MNF Extra: Olivier Giroud is the perfect striker for Eden Hazard
Chelsea's star man is more effective when playing with a target man
By Adam Bate
Last Updated: 20/09/18 10:11am
Eden Hazard looks in brilliant form but Olivier Giroud's role in his team-mate's success should not be underestimated. MNF Extra examines his influence on the star man and why he could be a better option for Chelsea than his fellow forward Alvaro Morata…
Olivier Giroud did not score a goal against Cardiff at the weekend. He did not score a goal for France at the World Cup either. But just as his performances in Russia helped his country to glory, Giroud's impact on Eden Hazard could be the key to Chelsea's success this season.
He provided Hazard with two assists on Saturday. The first was a delightful flick into his path. The second was arguably even more impressive with Giroud holding off his marker and somehow diverting the ball to his team-mate. Naturally, the little genius did the rest.
Hazard is in devastating form. His hat-trick against Cardiff means he has scored five goals in three Premier League starts, a tally he did not reach until December last season. Something has changed. "He is being used really well by the manager," says Jamie Carragher.
There was the usual speculation about Hazard's future in the summer but there was also much excitement about him working with Maurizio Sarri.
The Italian favours a more expansive game than his predecessors Jose Mourinho and Antonio Conte. As a result, the hope was that Hazard would be given more freedom - perhaps even emulating his compatriot Dries Mertens, who was converted from talented winger to prolific goalscorer for Sarri's Napoli at a relatively late stage in his career.
The early signs are even more promising than many could have hoped. While the opposition has been modest so far, Hazard's numbers are up this season. He is having more touches both inside and outside the box. He is having more shots and scoring more goals too.
The player himself is relishing it. "We have great players and we want the ball," he said recently. "I'm that kind of player who likes the ball at my feet, so I can be happy."
Interestingly, Hazard's creativity has not increased so much. He now seems as likely to get on the end of things himself as to be the one setting up chances for others. It hints at a change of role. It is a change best facilitated by the presence of Giroud, not Alvaro Morata.
Hazard said as much at the weekend. "He is a target man," he told Sky Sports. "Maybe the best in the world? I think so. When he gets the ball, he can hold the ball and we can go with him in deep. It is a pleasure to play with him.
"Alvaro is a different type of player."
The statistics for this season highlight the contrast. Handily, Hazard has spent almost the exact same amount of time on the pitch alongside each of Chelsea's two strikers this season - 153 minutes with Giroud and 154 minutes with Morata. That is where the similarity ends.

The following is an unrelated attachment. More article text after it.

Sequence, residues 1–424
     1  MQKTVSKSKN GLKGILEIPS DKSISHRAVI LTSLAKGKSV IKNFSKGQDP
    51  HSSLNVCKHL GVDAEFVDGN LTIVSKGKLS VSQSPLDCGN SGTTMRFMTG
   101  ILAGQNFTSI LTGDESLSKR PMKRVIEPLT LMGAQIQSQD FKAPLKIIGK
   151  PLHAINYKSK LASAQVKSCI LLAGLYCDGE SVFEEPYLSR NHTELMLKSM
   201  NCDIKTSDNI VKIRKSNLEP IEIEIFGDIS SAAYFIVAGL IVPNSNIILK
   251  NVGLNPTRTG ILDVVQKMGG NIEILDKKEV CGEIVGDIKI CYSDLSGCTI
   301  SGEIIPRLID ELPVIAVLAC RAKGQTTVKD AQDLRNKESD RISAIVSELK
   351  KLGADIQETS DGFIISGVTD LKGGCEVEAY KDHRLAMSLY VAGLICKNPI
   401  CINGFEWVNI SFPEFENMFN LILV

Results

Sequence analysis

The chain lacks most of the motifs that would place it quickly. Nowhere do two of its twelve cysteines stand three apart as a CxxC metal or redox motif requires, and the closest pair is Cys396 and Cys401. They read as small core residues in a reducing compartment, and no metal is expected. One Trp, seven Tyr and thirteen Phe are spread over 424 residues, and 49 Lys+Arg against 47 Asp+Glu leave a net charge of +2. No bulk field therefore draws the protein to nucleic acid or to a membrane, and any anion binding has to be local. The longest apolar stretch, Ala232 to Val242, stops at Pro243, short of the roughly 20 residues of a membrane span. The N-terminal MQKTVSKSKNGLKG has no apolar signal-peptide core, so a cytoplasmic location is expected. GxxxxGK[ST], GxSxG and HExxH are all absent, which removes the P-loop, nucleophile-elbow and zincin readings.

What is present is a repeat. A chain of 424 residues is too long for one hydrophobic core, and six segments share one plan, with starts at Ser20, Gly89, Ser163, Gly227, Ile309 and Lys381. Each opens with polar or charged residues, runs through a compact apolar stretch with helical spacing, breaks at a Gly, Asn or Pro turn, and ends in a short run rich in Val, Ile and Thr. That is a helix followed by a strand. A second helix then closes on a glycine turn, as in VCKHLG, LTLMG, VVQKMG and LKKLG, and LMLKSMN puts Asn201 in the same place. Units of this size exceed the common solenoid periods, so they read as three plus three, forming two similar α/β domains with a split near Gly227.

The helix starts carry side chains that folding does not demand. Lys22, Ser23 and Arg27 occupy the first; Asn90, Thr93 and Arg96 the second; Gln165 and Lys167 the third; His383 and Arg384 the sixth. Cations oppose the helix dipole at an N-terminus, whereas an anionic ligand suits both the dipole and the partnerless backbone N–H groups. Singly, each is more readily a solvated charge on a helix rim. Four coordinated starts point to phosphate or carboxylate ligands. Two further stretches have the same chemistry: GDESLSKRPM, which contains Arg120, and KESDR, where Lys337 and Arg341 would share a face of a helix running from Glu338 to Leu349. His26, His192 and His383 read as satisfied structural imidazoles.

Morata has passed the ball to Hazard six times this season. Giroud found him nine times against Cardiff alone. While the Frenchman helped to lay on two assists for Hazard in that game, his Spanish counterpart has yet to even create a chance for his team-mate.
So Hazard wants to play with Giroud? "I think he is saying that," says Carragher. "You don't normally hear something like that. No disrespect to Morata but I think he is saying to the manager that he wants to play with this guy more often than not.
As for Giroud, Carragher adds: "I have always felt that he was one of the most underrated players in the Premier League, even when he was at Arsenal. He is not world class even though he has now won the World Cup, he is just short of that. But whether it's as a second striker or as a first striker as he may now be at Chelsea, he's a fantastic player and Hazard speaking like that about him shows what he thinks too."
In one sense, the comparison is unfair on Morata because few forwards can compete with Giroud when it comes to this aspect of the game. He has created more chances per 90 minutes than any other genuine striker in the Premier League over the past two seasons.
It is no coincidence that he also averages more touches in the box per 90 minutes than any other Premier League player in that time period. As Hazard pointed out, when Giroud gets the ball, his team-mates "can go with him" in the knowledge that he will hold it up.
The average position data for the game against Cardiff underlines this point. It shows that Hazard's touches came in advance of Giroud. In contrast, in Morata's most recent start at Newcastle, Hazard was much deeper than the striker. It is a very different relationship.
The bald statistics show that five games into the Premier League season, Morata has scored and Giroud has not. But it is not quite that simple.
Just ask Eden Hazard.
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